Merry Christmas!

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One of the Most Counter-Cultural Things the Church Can Do

I have come to believe that one of the most meaningful and counter-cultural things we can do in this society is to be content with what we have. To opt-out of the constant search for more and better. To make a choice for less. And I believe that this choice can not only change us, it can change the world.

I believe that our hearts were meant to yearn for something more, something that is not available at the local shopping center.

I believe that stuff begets stuff and we rarely realize how much we have until we decide that we have enough.

I believe that our culture has fallen for the lie that we can have safety and security and identity in our possessions. We can't.

I believe that time is too short and too precious to spend buying, sorting, cleaning and organizing things we do not need.

I believe that when we clear out the things that don't matter, we make room for the things that do. That when we get rid of stuff we make room for people and life.

I believe that contentment is contagious. By living and thriving with less we challenge the status quo.

I believe that this commitment to less is one we make again and again.  Stuff ebbs and flows from our life, too much can so easily creep back in.  But the commitment to contentment can be made afresh as often as need be.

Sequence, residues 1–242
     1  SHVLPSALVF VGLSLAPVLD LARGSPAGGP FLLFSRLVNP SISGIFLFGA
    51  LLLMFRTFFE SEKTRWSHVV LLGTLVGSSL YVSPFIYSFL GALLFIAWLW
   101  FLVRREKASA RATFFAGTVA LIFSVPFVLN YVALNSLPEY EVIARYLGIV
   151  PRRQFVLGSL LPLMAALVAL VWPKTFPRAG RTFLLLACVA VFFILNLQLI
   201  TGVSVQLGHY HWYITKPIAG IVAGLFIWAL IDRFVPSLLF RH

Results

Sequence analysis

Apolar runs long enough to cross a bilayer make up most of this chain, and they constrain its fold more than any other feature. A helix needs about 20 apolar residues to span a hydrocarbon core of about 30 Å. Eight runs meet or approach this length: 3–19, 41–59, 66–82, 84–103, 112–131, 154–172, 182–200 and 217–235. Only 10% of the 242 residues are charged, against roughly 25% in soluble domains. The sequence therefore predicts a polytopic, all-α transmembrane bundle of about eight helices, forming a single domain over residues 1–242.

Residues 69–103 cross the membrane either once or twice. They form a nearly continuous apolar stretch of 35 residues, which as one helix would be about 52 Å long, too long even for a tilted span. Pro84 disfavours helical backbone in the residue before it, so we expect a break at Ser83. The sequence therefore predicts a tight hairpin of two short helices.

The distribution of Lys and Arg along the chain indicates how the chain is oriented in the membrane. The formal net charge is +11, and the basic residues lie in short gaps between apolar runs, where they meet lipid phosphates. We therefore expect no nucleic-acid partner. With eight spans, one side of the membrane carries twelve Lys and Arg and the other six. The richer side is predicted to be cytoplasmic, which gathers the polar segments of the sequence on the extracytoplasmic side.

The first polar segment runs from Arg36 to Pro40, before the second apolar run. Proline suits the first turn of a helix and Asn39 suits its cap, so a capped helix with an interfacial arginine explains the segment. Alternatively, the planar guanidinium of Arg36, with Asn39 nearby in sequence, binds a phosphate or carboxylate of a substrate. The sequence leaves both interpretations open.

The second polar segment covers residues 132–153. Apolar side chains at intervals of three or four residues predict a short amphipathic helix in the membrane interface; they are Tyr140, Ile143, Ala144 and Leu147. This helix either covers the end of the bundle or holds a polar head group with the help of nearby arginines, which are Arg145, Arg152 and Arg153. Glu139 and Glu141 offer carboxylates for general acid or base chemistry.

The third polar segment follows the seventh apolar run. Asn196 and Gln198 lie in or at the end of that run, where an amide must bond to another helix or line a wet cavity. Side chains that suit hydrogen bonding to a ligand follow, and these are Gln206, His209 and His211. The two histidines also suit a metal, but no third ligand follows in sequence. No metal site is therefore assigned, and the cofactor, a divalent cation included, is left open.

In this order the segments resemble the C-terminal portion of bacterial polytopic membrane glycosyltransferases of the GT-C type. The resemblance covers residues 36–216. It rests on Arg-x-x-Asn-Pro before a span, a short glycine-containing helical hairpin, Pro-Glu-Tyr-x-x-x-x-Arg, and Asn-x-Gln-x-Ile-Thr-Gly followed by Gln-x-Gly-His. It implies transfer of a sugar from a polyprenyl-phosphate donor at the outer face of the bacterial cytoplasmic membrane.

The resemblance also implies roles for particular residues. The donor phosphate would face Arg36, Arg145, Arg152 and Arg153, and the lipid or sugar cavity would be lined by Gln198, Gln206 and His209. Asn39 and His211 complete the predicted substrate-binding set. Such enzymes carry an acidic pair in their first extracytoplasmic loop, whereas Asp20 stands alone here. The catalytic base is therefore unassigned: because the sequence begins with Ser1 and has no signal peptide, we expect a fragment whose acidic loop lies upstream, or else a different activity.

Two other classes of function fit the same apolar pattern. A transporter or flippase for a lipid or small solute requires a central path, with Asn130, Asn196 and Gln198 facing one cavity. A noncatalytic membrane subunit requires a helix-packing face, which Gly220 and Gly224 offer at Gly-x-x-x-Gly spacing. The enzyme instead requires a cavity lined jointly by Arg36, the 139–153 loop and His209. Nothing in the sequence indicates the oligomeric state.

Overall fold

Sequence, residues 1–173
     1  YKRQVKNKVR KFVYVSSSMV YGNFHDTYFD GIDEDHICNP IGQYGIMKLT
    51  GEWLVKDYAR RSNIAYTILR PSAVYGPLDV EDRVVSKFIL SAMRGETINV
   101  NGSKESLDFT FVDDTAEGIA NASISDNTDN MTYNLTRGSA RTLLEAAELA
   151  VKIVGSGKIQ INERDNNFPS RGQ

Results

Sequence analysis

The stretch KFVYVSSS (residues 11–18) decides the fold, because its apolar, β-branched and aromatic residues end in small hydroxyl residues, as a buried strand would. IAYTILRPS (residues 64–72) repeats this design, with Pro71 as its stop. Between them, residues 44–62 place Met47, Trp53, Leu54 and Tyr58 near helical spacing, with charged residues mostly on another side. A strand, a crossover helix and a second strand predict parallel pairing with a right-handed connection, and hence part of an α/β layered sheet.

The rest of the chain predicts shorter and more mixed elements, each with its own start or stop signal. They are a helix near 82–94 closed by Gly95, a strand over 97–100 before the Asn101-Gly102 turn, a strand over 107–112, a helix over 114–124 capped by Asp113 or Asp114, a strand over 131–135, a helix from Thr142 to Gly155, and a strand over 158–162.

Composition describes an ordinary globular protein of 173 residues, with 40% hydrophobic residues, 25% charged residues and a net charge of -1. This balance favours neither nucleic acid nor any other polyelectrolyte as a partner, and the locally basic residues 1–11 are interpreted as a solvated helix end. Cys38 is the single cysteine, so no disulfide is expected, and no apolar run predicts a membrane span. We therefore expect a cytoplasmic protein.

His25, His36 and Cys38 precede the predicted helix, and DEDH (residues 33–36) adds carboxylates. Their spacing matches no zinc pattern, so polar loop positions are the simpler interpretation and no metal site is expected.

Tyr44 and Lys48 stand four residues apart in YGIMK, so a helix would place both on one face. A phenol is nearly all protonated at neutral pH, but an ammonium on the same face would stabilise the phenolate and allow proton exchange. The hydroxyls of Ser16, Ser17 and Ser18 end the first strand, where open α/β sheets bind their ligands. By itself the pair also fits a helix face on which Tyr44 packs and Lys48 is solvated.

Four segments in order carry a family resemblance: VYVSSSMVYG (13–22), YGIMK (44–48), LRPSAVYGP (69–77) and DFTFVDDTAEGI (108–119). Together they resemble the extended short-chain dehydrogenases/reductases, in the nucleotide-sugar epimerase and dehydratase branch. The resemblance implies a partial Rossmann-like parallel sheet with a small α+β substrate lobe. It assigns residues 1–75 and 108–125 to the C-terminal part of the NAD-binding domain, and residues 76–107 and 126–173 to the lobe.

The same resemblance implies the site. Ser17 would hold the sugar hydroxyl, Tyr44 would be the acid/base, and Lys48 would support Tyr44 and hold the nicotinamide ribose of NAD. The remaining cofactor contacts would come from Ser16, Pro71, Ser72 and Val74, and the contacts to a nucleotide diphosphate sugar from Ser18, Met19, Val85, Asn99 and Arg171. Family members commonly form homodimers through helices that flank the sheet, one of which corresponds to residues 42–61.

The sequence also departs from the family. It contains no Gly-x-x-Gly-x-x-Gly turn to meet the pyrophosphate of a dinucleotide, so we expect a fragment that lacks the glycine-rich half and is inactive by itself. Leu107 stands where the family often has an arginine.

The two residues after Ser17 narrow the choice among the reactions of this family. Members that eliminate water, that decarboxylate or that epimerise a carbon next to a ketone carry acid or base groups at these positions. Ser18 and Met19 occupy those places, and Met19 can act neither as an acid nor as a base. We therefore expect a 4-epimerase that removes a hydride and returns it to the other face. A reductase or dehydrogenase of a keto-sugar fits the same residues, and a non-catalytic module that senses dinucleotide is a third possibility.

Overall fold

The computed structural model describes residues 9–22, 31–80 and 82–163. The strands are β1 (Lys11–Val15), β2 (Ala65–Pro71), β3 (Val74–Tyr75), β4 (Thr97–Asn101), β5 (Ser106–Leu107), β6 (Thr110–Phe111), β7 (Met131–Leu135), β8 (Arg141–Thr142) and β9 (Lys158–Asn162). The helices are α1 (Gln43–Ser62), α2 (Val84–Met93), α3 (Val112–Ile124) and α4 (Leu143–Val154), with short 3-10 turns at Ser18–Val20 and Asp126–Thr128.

It's not about sparsely furnished lofts with walls painted white. It's not about counting my items to meet an arbitrary goal or having less than others. It's not about martyrdom or masochism or lashing our hearts into submission.

It's about love.

As a christian I believe that a simple, content life is an act of worship in response to the gospel. The same God who made provision for us today made our neighbour in His image.

The God that gave us our daily bread instructed us to share it.

Here's what I know for sure: The world cannot afford the American dream. Our over consumption is destroying the planet and taking lives.

And the more we fill our home and lives with things the more we are desensitized to the world in need.

By choosing contentment we reject the idea that the answer to our problems is always a credit card swipe away. We reject the lie that our God-crafted longing for beauty can be fulfilled in a store full of sparkly dishes and trinkets. We say enough is enough.

I too often get distracted by the things of this world. I get caught up in the desire for a joy-filled Christmas or a cozy, inviting home and somehow forget that these are not things that can be bought at a store. These are not things accomplished by having more.

I confess that I often crave more of this world instead of more of God.  But I want to be the hands and feet of Jesus. I want to put my last penny in the poor box and give away the coat on my back. I dream of a book-of-acts style community that shares until no one has need.

May we be a people who are content. Who live simply so that others can simply live.